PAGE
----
My Life is OursBen Brown Fine ArtsHong KongSep 20 – Oct 27, 2018Valencia Tong American conceptual artist Hank Willis Thomas is known for examining issues of identity, race, intolerance and protest. For his first solo exhibition in Asia, at Ben Brown Fine Arts, he reinterpreted archival photographs he found of protests in Hong Kong and mainland China from past and present to highlight theuniversality of recurring themes of oppression across history. The artist also explores the notions of materiality and audience engagement, deliberately screen-printing the images onto retroreflective sheeting, which is usually used to make road signs visible in the dark. On top of that, painterly brushstrokes sit on the outermost layer, giving it the illusion of abstraction. It is only when the images are manually activated by light, such as a camera flash or a torch, that the full details of the historical images come to view. Since the appearance of the works keeps changing, mirroring the constant state of sociopolitical flux in the world at large, the viewer is literally and metaphorically invited to look closer and dig deeper, beyond what is …

Robert Rauschenberg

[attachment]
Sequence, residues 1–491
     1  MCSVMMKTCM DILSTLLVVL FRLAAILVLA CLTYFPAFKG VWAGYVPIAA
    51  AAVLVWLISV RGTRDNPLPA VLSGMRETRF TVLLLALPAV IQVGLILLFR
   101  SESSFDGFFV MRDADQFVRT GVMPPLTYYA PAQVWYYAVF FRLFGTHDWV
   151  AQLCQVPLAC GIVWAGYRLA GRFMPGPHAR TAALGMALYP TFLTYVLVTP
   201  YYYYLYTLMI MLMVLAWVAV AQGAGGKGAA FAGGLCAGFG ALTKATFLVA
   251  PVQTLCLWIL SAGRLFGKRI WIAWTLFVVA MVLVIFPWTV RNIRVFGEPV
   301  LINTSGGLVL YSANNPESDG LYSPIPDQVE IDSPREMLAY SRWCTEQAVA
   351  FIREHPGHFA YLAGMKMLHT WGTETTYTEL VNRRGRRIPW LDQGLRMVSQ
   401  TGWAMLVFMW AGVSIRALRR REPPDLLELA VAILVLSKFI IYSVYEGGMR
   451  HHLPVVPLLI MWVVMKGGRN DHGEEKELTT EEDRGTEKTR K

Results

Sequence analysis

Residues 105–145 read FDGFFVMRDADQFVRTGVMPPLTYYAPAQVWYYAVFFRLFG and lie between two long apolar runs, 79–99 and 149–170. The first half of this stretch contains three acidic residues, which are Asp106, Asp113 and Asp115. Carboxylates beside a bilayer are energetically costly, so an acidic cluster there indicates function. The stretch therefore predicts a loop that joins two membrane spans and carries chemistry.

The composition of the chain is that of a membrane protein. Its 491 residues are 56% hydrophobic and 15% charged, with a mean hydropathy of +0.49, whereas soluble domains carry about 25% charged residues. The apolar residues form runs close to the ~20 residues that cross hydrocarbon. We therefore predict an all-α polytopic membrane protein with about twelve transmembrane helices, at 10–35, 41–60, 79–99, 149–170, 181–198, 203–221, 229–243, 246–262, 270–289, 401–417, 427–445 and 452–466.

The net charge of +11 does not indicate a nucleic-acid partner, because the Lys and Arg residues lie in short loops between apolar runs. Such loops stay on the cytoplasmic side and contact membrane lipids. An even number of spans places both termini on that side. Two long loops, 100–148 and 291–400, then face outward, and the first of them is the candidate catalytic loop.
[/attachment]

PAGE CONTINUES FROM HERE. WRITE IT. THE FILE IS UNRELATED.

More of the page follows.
Vydocks Pace Gallery Hong Kong Sep 19 – Nov 2 Diana d’Arenberg Parmanand The “enfant terrible of the New York school”, as poet Frank O’Hara dubbed Robert Rauschenberg, reshaped 20th-century American art and left behind a boundary-breaking body of work characterised by experimentation and unorthodox use of different media. His early works, made in the 1950s and 60s, featured composites of found objects – bottles, a taxidermy goat head, newspapers, chairs, rubber tyres, photographs – and painting; Rauschenberg referred to them as “combines”. The Vydocks series, created in 1995, are essentially a two-dimensional continuation of the composites of found objects for which the artist was known. The lastseries in which Rauschenberg incorporated silk-screening before shifting into digital processing, the works are a rendezvous of diverse media, a synthesis of painting, photography and drawing. Pace Gallery Hong Kong features eight out of 13 identically sized white sheets of bonded aluminium works – the remainder are still held by the Rauschenberg foundation – sized to human scale so the panels are the height and width of a person’s reach, and the viewer can figuratively get into the paintings. The verticality of …